Peregrine’s Wasendorf Stole $215 Million, U.S. Says

Source: Linn County Sheriff's Department via Bloomberg

Admitted embezzler Russell Wasendorf Sr., founder of now-bankrupt Peregrine Financial Group Inc., stole more than $215 million from the commodity firm’s customers, U.S. authorities said. Close

Admitted embezzler Russell Wasendorf Sr., founder of now-bankrupt Peregrine Financial... Read More

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Source: Linn County Sheriff's Department via Bloomberg

Admitted embezzler Russell Wasendorf Sr., founder of now-bankrupt Peregrine Financial Group Inc., stole more than $215 million from the commodity firm’s customers, U.S. authorities said.

Russell Wasendorf Sr., the founder of now-bankrupt Peregrine Financial Group Inc., stole more than $215 million from the commodity firm’s customers, U.S. prosecutors said.

Wasendorf, then 64, pleaded guilty in September in federal court in Cedar Rapids, Iowa, to mail fraud and two counts of lying to federal prosecutors. He faces as long as 50 years in prison at his Jan. 31 sentencing.

“Defendant claims the loss is less than $200 million,” Acting Iowa U.S. Attorney Sean Berry said in a sentencing memorandum filed yesterday in federal court in Cedar Rapids. “The actual loss in this case can be determined with remarkable precision.”

Wasendorf’s crimes came to light on July 9 when he tried to kill himself by piping auto exhaust into the passenger compartment of his car outside the firm’s Cedar Falls, Iowa, headquarters. In a written statement, Wasendorf, who was also Peregrine’s chairman and chief executive officer, said he had been stealing from the company for almost 20 years.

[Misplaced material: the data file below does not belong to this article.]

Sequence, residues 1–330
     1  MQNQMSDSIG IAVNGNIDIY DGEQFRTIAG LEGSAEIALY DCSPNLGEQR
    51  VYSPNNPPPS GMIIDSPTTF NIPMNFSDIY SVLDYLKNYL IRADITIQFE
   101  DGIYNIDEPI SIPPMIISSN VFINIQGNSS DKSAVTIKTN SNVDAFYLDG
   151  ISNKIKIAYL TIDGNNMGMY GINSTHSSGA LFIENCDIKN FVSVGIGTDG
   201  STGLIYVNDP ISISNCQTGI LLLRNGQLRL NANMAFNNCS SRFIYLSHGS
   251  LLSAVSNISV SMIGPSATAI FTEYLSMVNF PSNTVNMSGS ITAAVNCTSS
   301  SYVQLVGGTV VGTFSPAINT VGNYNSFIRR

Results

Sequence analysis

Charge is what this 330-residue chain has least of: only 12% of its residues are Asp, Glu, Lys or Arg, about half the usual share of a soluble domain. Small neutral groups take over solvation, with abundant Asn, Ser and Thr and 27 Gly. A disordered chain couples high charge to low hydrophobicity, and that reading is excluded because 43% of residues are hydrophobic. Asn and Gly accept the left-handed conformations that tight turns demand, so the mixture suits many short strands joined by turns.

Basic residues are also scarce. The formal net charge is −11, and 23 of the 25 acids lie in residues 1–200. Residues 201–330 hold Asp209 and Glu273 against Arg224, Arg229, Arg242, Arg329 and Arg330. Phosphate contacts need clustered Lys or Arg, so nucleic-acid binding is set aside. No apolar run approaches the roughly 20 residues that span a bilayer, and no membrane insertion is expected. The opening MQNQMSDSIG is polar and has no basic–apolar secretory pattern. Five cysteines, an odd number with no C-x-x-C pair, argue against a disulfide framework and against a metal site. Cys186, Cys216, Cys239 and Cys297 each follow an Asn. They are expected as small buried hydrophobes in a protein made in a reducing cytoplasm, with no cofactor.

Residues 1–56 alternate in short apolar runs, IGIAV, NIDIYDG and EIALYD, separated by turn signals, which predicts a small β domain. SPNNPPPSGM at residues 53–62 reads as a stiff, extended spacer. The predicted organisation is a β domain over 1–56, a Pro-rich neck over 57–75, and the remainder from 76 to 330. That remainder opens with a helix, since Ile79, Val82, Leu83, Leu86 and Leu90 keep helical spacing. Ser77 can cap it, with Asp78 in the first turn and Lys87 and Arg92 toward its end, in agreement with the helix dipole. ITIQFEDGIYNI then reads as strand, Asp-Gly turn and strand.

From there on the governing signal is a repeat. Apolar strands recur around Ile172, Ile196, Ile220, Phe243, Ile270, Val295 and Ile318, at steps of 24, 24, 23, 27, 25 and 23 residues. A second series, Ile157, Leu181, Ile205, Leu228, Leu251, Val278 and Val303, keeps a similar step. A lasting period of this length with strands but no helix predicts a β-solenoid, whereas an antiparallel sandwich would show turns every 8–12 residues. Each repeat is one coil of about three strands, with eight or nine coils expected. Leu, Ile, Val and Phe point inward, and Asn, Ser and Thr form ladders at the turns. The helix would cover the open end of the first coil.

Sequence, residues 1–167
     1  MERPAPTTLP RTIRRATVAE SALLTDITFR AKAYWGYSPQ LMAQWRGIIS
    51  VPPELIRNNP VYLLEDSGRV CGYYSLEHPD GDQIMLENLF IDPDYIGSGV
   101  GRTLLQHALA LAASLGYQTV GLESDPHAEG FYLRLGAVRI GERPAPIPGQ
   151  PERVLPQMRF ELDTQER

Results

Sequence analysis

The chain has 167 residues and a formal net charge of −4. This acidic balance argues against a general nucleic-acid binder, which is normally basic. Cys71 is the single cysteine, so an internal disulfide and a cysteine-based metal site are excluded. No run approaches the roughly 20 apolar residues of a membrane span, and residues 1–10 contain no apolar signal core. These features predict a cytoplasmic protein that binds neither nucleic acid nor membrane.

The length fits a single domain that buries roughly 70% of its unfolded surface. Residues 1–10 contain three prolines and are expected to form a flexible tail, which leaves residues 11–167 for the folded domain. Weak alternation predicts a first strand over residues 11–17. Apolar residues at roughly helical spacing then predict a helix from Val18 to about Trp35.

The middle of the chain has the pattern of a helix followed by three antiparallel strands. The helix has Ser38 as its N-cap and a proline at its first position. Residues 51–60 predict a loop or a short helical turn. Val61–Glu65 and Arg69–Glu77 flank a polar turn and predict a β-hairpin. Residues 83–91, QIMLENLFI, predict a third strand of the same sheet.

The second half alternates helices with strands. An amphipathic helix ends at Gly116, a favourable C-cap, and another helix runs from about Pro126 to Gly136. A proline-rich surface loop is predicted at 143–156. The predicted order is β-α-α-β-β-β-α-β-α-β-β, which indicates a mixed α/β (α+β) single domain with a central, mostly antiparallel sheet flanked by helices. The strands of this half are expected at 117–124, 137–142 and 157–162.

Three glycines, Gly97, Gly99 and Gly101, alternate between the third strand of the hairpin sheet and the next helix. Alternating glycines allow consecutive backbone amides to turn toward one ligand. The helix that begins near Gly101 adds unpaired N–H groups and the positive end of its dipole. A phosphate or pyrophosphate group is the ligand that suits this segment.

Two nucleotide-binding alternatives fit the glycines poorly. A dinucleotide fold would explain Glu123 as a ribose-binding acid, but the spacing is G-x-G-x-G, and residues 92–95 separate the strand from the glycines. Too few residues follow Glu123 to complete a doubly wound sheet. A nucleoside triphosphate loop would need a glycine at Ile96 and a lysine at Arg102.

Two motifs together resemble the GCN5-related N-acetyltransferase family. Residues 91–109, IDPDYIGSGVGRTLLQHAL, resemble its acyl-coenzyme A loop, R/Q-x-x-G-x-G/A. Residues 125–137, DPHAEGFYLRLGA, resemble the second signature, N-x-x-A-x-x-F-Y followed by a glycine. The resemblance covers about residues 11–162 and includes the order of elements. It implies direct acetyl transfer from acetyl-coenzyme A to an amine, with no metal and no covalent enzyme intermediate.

The National Futures Association, an industry self- regulator, announced the same day as the suicide attempt that about $200 million in customer funds the firm reported was on deposit at its bank were unaccounted for.

According to his plea agreement, Wasendorf started stealing from Peregrine in the early 1990s, covering his theft by altering statements from the company’s bank and passing them to his chief financial officer and accountants.

‘Stolen Money’

“Defendant used the stolen money to unlawfully bolster the apparent financial position of PFG, fund defendant’s outside business interests, and for defendant’s own personal use and purposes,” according to the plea document.

The case is U.S. v. Wasendorf, 12-cr-2021, U.S. District Court, Northern District of Iowa (Cedar Rapids).

The bankruptcy case is In re Peregrine Financial Group Inc., 12-27488, U.S. Bankruptcy Court, Northern District of Illinois (Chicago). The regulatory case is Commodity Futures Trading Commission v. Peregrine Financial Group Inc., 12- cv-5383, U.S. District Court, Northern District of Illinois (Chicago).

To contact the reporter on this story: Phil Milford in Wilmington, Delaware at pmilford@bloomberg.net

To contact the editor responsible for this story: Michael Hytha at mhytha@bloomberg.net

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